On the way to Krangsuri, we stopped briefly at Thadlaskein Lake. It was nothing great, but it gives you some break during the long drive to stop for some snacks and tea at the local shops nearby.
Mr. Pal took us to Krangsuri through the lesser known route and the drive was unbelievably scenic. We realized it that day that sometimes the journey to the destination is more beautiful than the destination itself.
When riding through the winding roads of Jaintia Hills, on the way to Krangsuri, we crossed the Thlu Amwi waterfall, which was a delight to the eyes. We stopped here for a while to capture some photographs before continuing on our journey. The landscape all through the journey was so picturesque that we kept stopping and got delayed in reaching Krangsuri.
Luckily for us, it stopped raining by the time we reached the starting point of the trek to Krangsuri waterfall - it requires some moderate trekking to reach the waterfall, so one should be prepared for it. The path is good and aptly marked, so beyond the distance nothing really poses a challenge to make the trek.
The trek to Krangsuri is a beautiful walk through nature crossing little streams, something you will really enjoy. So, come with some time in hand and enjoy the walk along with the waterfall.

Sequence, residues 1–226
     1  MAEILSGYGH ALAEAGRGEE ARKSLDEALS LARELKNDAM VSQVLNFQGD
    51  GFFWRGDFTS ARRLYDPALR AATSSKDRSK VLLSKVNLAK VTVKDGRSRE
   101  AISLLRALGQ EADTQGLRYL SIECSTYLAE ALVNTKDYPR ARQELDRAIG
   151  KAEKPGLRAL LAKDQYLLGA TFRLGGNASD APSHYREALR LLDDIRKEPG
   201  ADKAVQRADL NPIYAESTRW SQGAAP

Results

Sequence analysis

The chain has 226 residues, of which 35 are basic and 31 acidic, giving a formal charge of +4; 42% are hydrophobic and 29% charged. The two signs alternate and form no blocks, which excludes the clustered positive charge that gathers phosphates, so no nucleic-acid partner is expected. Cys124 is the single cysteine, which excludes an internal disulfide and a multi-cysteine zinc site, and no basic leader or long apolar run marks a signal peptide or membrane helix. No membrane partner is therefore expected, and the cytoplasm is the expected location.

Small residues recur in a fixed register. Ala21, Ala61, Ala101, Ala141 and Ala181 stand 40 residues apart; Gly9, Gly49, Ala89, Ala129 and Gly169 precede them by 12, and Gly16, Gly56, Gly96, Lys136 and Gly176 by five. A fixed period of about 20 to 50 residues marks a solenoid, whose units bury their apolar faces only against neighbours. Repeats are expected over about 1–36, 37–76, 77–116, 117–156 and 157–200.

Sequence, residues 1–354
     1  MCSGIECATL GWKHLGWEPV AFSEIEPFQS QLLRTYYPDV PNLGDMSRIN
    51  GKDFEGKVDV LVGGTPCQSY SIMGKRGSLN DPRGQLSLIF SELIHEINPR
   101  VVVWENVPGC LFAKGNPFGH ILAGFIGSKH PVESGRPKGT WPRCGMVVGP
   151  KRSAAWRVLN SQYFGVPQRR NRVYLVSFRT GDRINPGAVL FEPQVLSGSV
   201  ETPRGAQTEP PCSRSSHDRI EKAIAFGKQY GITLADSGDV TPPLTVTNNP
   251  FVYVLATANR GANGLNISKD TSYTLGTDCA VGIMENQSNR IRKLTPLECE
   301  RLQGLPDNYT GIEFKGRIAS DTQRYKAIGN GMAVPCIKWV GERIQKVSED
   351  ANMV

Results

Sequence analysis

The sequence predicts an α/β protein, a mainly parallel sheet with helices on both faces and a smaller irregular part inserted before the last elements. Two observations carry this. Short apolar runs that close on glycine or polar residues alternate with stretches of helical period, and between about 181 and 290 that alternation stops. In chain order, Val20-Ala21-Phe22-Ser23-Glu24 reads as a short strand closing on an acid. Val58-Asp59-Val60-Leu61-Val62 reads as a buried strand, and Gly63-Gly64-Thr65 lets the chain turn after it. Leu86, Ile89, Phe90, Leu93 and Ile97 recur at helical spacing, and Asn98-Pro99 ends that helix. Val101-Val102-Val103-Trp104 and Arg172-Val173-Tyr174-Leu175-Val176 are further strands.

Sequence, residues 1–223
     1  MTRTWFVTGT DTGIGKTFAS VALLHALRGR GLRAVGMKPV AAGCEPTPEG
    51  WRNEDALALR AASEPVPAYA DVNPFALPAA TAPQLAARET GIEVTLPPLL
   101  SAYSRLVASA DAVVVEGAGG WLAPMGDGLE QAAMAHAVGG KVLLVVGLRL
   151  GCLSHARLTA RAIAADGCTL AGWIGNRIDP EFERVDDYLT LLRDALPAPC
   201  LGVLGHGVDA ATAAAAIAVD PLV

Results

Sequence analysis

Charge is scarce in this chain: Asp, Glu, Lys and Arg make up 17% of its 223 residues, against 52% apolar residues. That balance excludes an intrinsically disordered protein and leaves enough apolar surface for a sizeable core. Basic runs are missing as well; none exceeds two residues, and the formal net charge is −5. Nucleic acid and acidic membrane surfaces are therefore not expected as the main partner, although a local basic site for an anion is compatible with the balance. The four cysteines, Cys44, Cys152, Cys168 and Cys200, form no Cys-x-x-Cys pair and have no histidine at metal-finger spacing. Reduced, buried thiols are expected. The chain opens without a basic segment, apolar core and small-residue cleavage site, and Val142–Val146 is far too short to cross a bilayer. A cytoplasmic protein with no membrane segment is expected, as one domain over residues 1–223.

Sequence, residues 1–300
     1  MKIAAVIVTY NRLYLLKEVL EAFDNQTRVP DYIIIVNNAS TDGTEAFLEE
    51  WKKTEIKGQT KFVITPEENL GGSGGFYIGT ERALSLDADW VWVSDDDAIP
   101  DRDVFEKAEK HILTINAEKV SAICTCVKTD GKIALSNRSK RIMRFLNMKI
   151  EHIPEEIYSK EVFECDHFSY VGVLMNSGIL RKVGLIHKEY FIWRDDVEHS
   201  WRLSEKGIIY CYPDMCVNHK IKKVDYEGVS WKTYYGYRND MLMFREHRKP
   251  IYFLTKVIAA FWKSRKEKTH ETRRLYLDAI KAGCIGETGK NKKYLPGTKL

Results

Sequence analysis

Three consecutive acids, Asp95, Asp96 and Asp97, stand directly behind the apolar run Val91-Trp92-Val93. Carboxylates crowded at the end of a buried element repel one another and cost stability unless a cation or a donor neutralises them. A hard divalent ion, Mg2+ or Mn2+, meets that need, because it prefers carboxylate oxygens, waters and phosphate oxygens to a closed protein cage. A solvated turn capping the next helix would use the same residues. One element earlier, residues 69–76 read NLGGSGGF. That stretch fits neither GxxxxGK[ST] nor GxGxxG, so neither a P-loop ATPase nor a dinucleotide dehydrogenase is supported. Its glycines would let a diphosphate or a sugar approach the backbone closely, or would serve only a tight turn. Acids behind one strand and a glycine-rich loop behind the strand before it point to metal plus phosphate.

There are 3 viewpoints during the trek to see Krangsuri waterfall. Each of the viewpoints give a completely different perspective of the waterfall and view from all of them are equally beautiful.
We were lucky to witness Krangsuri at it’s fiercest since it rained continuously for the past four days until the day we embarked on our journey. After spending about an hour, we trekked back up, which seemed more difficult than the trek down, not because of the distance or elevation but, the terrible humidity around that place. Once back up, we had some Maggi and tea at a the only shop there - this was our lunch at 4 pm in the evening. Then we headed over the the main destination of our trip - Shnongpdeng.
After about an hour and a half's drive we reached till the driveable path near Shnongpdeng. From there it was a trek of about 10 mins to reach our homestay - Shatsngi Homestay. It is one of the few homestays in Shnongpdeng which is located right on the banks of the Umngot river. The little homestay offered us a comfortable and cozy room with a porch/balcony overlooking the Umngot river.
The best part of the homestay was their simple yet tasty food. We would like to make a special mention about the young host, Massar, who goes out of the way to make your stay comfortable. One thing worth mentioning is; we checked in very late in the night but Massar ensured he calls us in the evening and find out what we would like to have for dinner and kept it hot and ready when we checked in. After a long and hectic day, we had a sumptuous dinner and finally retired into our bed. We had a good sleep listening to the sound of the river outside.
Day 2: A Great Start to the Day, but Minor Disappointment on the Way
We woke up early at 5am to explore Shnongpdeng. We reached Shnonpdeng late in the night - on a day which was preceded by 4 days of incessant rain - so we could not see much of the location, but could hear the loud roar of the river the entire night. It was only in the morning that we realized how beautiful the surrounding was. We walked to the river bank and spent some wonderful time there.
The suspension bridge at Shnongpdeng is a popular landmark. After spending some time on the banks of Umngot river we head to suspension bridge to take some photographs.